Relearning the Heimlich maneuver
James Smith is the Social Dad. A new Father and Social Media Specialist, sharing lessons and mistakes along the way.
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Relearning the Heimlich maneuver

On Tuesday night, as I walked from the train and took a shortcut across the park I saw a woman chilling out while sitting on the bench next to the baseball diamond. I looked down at my phone for a minute or two and as I got closer, she was standing up and looked panicked.

 

I took out my earbud and asked, “are you okay?” She didn’t say anything but started pointing to her throat.

 

She was choking.

 

I ran over and she motioned to the top of her back, which I slapped to try and get whatever was stuck in her throat, out. Nothing happened.

 

Then she pointed to her stomach so I put my arms around her from behind, clasped my hands together under her ribs and pulled hard. After a few goes, a bit of food and mucus came out.

 

She was still struggling to catch her breath as her throat was agitated. I pretended to be calm enough to talk slowly, rub her back and get her to breathe slowly.

 

We said our goodbyes and her baseball friends had almost arrived. As I continued my walk home I realised that I had no real idea what I was doing, luckily I remembered the basics from my safety training from my days on cruise ships.

 

For my future self and for anyone else who might find themselves in the same position, here are the step-by-step instructions for a proper Heimlich maneuver.

 

As I’m not a doctor, here are the instructions from the Mayo Clinic:

 

Please note, for children and pregnant women, Healthline.com has more info.

 

The universal sign for choking is hands clutched to the throat. If the person doesn’t give the signal, look for these indications:

 

  • Inability to talk
  • Difficulty breathing or noisy breathing
  • Squeaky sounds when trying to breathe
  • Cough, which may either be weak or forceful
  • Skin, lips and nails turning blue or dusky
  • Skin that is flushed, then turns pale or bluish in color
  • Loss of consciousness

 

If the person is able to cough forcefully, the person should keep coughing. If the person is choking and can’t talk, cry or laugh forcefully, the American Red Cross recommends a “five-and-five” approach to delivering first aid:

 

  • Give 5 back blows. Stand to the side and just behind a choking adult. For a child, kneel down behind. Place one arm across the person’s chest for support. Bend the person over at the waist so that the upper body is parallel with the ground. Deliver five separate back blows between the person’s shoulder blades with the heel of your hand.
  • Give 5 abdominal thrusts. Perform five abdominal thrusts (also known as the Heimlich maneuver).
  • Alternate between 5 blows and 5 thrusts until the blockage is dislodged.

 

The American Heart Association doesn’t teach the back blow technique, only the abdominal thrust procedures. It’s OK not to use back blows if you haven’t learned the technique. Both approaches are acceptable.

 

To perform abdominal thrusts (Heimlich maneuver) on someone else:

 

  • Stand behind the person. Place one foot slightly in front of the other for balance. Wrap your arms around the waist. Tip the person forward slightly. If a child is choking, kneel down behind the child.
  • Make a fist with one hand. Position it slightly above the person’s navel.
  • Grasp the fist with the other hand. Press hard into the abdomen with a quick, upward thrust — as if trying to lift the person up.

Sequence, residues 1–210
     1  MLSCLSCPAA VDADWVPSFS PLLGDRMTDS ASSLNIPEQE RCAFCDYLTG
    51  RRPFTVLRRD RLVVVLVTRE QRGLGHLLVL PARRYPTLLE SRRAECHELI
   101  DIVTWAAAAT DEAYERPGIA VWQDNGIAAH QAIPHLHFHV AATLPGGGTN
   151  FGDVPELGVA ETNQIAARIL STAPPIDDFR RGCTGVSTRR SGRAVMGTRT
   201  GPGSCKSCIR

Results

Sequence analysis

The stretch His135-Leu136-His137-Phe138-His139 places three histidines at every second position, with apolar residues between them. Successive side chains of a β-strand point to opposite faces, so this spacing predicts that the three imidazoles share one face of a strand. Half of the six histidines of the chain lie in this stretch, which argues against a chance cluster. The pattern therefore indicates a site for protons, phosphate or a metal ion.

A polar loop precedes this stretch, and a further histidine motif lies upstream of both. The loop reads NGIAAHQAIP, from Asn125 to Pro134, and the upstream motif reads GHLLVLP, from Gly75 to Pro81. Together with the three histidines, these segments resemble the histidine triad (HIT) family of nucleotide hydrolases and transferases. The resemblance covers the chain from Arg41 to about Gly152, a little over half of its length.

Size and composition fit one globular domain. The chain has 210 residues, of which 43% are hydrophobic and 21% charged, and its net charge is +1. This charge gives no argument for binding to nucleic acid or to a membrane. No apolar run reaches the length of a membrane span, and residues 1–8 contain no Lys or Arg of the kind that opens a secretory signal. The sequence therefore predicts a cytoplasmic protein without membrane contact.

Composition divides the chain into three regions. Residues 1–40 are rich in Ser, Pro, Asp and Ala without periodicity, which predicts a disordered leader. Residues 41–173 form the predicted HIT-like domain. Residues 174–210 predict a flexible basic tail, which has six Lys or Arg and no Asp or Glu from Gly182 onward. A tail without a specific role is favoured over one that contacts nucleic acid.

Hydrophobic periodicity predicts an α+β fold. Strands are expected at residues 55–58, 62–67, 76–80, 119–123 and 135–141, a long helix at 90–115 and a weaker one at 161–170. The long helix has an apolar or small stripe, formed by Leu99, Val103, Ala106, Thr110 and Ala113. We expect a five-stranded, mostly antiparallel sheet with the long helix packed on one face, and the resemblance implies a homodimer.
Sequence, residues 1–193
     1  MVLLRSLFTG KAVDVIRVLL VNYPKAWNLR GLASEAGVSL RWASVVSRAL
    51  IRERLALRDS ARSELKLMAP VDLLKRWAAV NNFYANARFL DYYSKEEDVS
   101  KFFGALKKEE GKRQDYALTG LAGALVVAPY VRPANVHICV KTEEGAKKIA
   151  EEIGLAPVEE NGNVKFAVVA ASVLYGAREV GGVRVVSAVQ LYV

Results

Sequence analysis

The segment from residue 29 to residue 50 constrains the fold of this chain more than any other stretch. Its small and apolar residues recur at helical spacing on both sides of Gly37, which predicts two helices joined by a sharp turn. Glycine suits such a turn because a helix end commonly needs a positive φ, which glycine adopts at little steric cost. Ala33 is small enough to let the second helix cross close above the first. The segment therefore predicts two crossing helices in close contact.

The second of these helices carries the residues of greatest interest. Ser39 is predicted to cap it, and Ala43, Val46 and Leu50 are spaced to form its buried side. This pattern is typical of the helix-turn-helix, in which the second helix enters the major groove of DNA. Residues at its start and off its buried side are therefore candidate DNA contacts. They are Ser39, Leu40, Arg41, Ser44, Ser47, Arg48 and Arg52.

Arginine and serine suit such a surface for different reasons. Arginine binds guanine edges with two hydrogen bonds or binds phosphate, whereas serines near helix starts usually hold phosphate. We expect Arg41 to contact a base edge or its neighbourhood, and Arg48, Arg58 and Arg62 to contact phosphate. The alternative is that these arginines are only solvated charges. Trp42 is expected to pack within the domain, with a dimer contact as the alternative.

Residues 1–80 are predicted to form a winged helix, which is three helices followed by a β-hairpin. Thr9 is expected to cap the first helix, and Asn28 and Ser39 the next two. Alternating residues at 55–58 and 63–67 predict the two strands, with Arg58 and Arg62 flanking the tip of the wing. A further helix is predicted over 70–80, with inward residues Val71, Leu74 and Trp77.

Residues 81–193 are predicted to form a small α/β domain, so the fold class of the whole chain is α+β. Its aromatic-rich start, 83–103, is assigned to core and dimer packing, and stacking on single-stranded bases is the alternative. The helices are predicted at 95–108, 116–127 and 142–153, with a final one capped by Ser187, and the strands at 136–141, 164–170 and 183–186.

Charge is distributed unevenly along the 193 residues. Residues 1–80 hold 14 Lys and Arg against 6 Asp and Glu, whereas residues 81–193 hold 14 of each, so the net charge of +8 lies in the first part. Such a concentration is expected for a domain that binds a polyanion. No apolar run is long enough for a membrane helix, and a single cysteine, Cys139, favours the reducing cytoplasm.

• Perform between six and 10 abdominal thrusts until the blockage is dislodged.

 

If there’s someone else with you, call 911 and get emergency services on the way if things don’t get quickly better.

 

For more information, including how to perform abdominal thrusts on yourself, visit the Mayo Clinic website. 

 

 

 

 

 

 

James Smith

Hi, I'm James, I'm a Dad Blogger, Huffington Post Contributor, Social Media Specialist & Community Manager based in Vancouver, BC. I'm thoroughly British, a lover of coffee, the outdoors, cameras and cats. These are my views, thoughts, lessons, and mistakes.

6 Comments
  • This is good to know. I know nothing so I made some mental notes and hopefully I won’t ever need it, but should I, I will feel a little less frantic!

    May 18, 2018 at 7:09 pm
  • Must have been pretty scary. Good on you for helping the lady out. I should really get my safety training updated.

    May 19, 2018 at 12:01 am
  • SO IMPORTANT! I’d put this up there in importance with first aid or cpr. You never know when you might need it, and when you do, it’s important you know what to do!

    May 19, 2018 at 6:37 am
  • Learned something important and essential today from your post..
    The steps are given in a clear and detailed manner.

    May 19, 2018 at 6:41 am
  • Omg that’s so scary, thank goodness you were there to help! I dont even know the basics so thank you for teaching me!

    May 19, 2018 at 9:14 am
  • Thank you for the refresher on this vital emergency course of action. Just like you, I know the basics that I’ve seen online and in a magazine, but forgot a lot of what you just mentioned. It is so important to understand the signs of when a person is choking and what you can do ASAP. For example, my brother was having lunch with a friend at a restaurant when he started choking during the meal. His friend just sat there perplexed and a little amused. When my brother wasn’t getting any help from said friend he rushed himself to the restroom and had to use the counter top to put pressure on his stomach until the food dislodged and fell out. Had his friend knew what to do and recognized the signs he could have helped my brother sooner. Pinning your info for future reference – Thanks so much for sharing this important info!

    May 19, 2018 at 8:14 pm

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